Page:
[LONDON] British industrial output fell unexpectedly in August, partly due to oil field shutdowns, though there were some limited signs that the pound's fall since June's Brexit vote had boosted factory exports.
Britain's trade deficit also widened more than expected, jumping to 12.1 billion pounds in August from 9.5 billion pounds in July, smaller than first estimated, the Office for National Statistics said on Friday.
Industrial output fell 0.4 per cent month-on-month in August after a 0.1 per cent increase in July, the Office for National Statistics said. Economists polled by Reuters had expected it to edge up 0.1 per cent.
The figures are likely to temper some of the optimism about how Britain's economy has fared since it voted to leave the European Union, although the Bank of England is likely to look through volatile monthly data when it decides whether to cut interest rates next month.
Output in manufacturing rose 0.2 per cent following a 0.9 per cent fall in July. Economists polled by Reuters had expected manufacturing output to increase 0.5 per cent in July. "Manufacturing output was up slightly in August with more cars built, with limited evidence suggesting the lower pound boosted exports," ONS statistician Kate Davies said.
Nevertheless, this was offset by a fall in oil and gas production, with field shutdowns contributing to the decline, she added.
Sterling fell to fresh 31-year low on Friday on fears of the consequences of a "hard" exit by Britain from the European Union following comments by French president Francois Hollande.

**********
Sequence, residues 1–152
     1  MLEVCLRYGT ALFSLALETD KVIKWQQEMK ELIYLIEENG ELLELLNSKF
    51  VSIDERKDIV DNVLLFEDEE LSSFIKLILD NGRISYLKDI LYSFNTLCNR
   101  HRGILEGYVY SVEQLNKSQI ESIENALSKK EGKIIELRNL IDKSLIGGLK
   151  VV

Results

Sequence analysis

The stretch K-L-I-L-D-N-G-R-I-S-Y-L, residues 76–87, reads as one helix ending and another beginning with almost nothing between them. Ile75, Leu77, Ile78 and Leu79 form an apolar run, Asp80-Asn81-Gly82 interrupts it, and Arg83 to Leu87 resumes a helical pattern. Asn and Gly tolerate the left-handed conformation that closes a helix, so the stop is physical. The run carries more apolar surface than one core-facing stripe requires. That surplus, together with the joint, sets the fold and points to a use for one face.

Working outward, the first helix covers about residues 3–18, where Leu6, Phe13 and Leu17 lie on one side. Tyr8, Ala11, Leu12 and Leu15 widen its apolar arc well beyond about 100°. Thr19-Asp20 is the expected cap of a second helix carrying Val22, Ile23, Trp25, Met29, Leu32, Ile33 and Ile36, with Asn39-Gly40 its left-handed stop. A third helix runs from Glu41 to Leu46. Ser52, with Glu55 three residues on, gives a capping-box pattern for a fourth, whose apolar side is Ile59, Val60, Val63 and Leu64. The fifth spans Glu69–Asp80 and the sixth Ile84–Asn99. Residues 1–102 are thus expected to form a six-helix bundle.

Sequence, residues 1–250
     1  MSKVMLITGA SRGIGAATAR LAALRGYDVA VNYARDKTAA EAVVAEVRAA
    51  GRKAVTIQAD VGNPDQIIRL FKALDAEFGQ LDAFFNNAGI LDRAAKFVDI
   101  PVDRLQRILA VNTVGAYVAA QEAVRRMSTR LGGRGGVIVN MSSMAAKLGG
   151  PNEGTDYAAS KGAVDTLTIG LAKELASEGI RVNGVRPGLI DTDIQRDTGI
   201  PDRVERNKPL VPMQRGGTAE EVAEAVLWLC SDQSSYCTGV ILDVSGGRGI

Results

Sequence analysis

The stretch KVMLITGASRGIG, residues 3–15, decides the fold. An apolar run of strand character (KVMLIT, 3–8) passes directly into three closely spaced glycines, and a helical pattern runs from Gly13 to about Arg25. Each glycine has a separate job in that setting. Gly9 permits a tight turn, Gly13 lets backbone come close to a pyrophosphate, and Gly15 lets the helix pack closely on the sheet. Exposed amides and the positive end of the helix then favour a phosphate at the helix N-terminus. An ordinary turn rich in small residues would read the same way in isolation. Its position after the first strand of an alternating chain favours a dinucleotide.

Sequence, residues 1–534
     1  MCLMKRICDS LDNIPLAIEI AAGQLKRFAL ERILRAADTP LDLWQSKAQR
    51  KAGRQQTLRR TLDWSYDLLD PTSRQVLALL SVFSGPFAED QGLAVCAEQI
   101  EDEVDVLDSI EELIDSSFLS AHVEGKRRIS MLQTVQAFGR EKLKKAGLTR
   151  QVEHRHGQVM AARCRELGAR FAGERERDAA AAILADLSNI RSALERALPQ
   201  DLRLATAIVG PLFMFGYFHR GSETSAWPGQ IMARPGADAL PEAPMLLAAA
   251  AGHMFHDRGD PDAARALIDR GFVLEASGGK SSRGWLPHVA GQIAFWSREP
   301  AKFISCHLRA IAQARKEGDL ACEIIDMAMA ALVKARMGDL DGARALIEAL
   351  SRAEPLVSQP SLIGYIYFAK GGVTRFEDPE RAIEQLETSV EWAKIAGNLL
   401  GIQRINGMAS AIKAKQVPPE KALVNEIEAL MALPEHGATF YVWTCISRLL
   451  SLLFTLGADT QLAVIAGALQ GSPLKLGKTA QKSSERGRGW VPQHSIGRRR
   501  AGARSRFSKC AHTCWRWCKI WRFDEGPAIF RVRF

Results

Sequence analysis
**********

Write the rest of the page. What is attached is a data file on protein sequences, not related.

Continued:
The pound's weakness has also pushed up prices paid by factories for imported materials and energy are also on the rise - something that will squeeze profit margins unless firms raise prices and boost inflation.
Looking at the three months to August as a whole, industrial output was 1.4 per cent higher than at the same point a year ago, slowing from a 1.6 per cent rate of growth seen in July.
A closely watched survey by financial data company Markit suggested British manufacturing staged one of its sharpest rebounds on record in August, and grew at a much faster pace than expected in September.
The strength of this week's Markit survey further dampened expectations that the Bank of England will again cut interest rates to a new record low before the end of the year.
Separate figures from the ONS showed Britain's goods trade deficit with European Union countries hit a record high 8.356 billion pounds in August, up more than a billion pounds from July.
Overall goods imports rose sharply, driven by imports of electrical machinery, cars and aircraft.